December 1, 2010, coming closer, enforcement starts playing a larger role in the discussion about REACH compliance. In various member states of the European Union, commissions of either government or industry associations have initiated reports on the national situation. The European Commission, however, triggered theses initiatives by a report on enforcement, with a specific focus in the varieties of penalties on infringements determined by the national legislations. A key finding of the report lies in the conclusion that in most countries penalties for non-compliance in the high volume segment, i.e. substances with an annual market tonnage above 1.000 tons, are not sufficient to encourage compliance because the maximum penalty is lower than the assumed costs of an orderly registration in time.
On the background of the statistics of the European Chemicals Agency (ECHA), which estimate that even until March 2010 lead registrants have been nominated for only one fifth of the substances to be registered until Dec 1, it is very likely that there are lots of companies that really count on either inexpensive penalties, low probability of being detected as non-compliant or other ways to evade the cumbersome legal obligations.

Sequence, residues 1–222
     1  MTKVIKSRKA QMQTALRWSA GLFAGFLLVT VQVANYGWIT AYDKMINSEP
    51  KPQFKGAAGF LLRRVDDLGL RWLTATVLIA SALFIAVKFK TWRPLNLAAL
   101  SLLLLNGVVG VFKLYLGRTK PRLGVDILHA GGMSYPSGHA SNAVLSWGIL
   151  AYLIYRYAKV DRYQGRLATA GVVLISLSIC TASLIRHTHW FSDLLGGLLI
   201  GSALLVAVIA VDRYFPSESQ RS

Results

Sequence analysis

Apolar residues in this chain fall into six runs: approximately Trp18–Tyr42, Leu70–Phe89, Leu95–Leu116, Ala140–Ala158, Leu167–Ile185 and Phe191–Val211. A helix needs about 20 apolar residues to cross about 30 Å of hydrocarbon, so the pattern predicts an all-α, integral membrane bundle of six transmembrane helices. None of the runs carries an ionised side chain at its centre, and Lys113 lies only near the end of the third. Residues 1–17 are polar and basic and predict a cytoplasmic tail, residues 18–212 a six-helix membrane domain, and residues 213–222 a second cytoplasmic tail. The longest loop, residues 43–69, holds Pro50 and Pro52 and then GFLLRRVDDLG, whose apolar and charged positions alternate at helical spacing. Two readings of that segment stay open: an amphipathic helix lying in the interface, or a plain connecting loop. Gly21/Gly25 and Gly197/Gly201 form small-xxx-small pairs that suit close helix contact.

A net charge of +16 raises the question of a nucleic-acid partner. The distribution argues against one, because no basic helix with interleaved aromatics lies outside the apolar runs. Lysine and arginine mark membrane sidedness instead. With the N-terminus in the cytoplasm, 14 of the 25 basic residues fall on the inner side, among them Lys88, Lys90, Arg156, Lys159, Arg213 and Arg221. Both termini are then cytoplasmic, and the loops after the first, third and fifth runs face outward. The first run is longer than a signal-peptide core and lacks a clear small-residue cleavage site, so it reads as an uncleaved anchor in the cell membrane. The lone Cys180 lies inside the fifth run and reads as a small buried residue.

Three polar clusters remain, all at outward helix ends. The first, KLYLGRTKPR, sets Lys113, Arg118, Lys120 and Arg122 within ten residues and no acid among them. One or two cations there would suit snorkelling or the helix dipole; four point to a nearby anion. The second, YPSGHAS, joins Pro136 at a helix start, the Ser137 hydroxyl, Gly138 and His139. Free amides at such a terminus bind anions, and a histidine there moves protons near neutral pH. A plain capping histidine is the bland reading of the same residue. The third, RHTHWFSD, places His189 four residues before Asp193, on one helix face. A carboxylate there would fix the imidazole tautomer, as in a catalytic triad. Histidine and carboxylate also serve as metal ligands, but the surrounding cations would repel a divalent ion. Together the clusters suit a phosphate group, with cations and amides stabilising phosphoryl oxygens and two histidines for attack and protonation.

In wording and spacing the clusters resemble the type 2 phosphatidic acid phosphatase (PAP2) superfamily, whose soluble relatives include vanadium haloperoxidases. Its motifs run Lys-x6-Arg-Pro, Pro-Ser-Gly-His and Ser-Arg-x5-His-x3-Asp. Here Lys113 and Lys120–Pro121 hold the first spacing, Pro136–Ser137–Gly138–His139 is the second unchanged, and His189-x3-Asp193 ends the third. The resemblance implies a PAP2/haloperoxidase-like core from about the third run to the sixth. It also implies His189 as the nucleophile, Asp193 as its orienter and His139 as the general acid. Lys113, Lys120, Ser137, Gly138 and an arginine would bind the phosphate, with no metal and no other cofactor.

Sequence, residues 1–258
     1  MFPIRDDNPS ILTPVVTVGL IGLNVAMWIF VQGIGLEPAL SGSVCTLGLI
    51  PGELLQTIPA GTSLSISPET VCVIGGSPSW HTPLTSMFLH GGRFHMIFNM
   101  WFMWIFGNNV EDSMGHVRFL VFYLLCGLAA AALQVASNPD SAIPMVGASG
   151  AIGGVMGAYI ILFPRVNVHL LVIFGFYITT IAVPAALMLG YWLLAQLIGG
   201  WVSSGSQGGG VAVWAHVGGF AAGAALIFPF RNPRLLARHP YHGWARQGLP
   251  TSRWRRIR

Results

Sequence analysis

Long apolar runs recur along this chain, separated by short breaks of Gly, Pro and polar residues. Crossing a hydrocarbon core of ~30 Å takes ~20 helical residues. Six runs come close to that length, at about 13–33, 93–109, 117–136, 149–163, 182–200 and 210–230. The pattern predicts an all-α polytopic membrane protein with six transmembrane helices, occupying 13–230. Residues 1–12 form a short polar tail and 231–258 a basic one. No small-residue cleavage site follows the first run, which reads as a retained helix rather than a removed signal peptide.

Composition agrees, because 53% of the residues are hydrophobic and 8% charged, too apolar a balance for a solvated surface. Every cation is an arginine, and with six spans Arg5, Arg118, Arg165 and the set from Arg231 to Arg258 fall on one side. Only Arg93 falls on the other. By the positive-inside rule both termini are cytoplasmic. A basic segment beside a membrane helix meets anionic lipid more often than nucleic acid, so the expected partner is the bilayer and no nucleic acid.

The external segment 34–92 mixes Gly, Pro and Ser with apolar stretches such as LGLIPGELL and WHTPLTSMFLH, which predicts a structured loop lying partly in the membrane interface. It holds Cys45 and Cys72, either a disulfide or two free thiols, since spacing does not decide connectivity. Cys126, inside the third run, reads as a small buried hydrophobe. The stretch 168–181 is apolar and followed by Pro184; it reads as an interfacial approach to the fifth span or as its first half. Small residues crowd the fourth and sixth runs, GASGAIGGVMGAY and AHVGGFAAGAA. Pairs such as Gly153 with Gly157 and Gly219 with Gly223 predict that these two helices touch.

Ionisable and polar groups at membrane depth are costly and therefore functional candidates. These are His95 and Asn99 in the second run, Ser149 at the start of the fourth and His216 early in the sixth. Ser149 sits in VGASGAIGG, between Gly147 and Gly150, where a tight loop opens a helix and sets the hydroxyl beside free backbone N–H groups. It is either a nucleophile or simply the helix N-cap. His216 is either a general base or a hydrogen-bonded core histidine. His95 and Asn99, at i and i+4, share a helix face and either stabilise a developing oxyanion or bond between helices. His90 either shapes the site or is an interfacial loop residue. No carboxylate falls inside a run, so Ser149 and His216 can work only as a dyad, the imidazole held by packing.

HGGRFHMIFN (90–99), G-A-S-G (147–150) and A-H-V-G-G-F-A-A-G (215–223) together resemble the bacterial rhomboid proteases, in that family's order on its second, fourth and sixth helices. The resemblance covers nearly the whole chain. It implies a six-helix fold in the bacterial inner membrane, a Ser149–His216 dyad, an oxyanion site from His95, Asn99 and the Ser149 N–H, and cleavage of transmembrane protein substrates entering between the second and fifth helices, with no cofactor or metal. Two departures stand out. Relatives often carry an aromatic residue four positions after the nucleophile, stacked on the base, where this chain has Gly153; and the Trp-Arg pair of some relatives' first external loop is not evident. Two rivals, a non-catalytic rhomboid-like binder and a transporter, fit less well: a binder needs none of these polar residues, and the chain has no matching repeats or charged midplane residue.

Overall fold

A response of the Commission to this finding has not yet been perceived. Enforcement, however, lying in the hands of the member states, timeliness, synchronisation between the members, and appropriateness of the measures will once more prove to be a key issue for effectiveness and credibility of European legislation. Even more so, companies striving for compliance raise suspicion about competitive disadvantages they could suffer from uneven practices in the member states. The acid test for meaning enforcement – and not only preaching it – will come along when the REACH principle “No data – no market” would cause member states to close the business of non-compliant producers or importers – all in the face of vanishing jobs in many of EU’s national economies…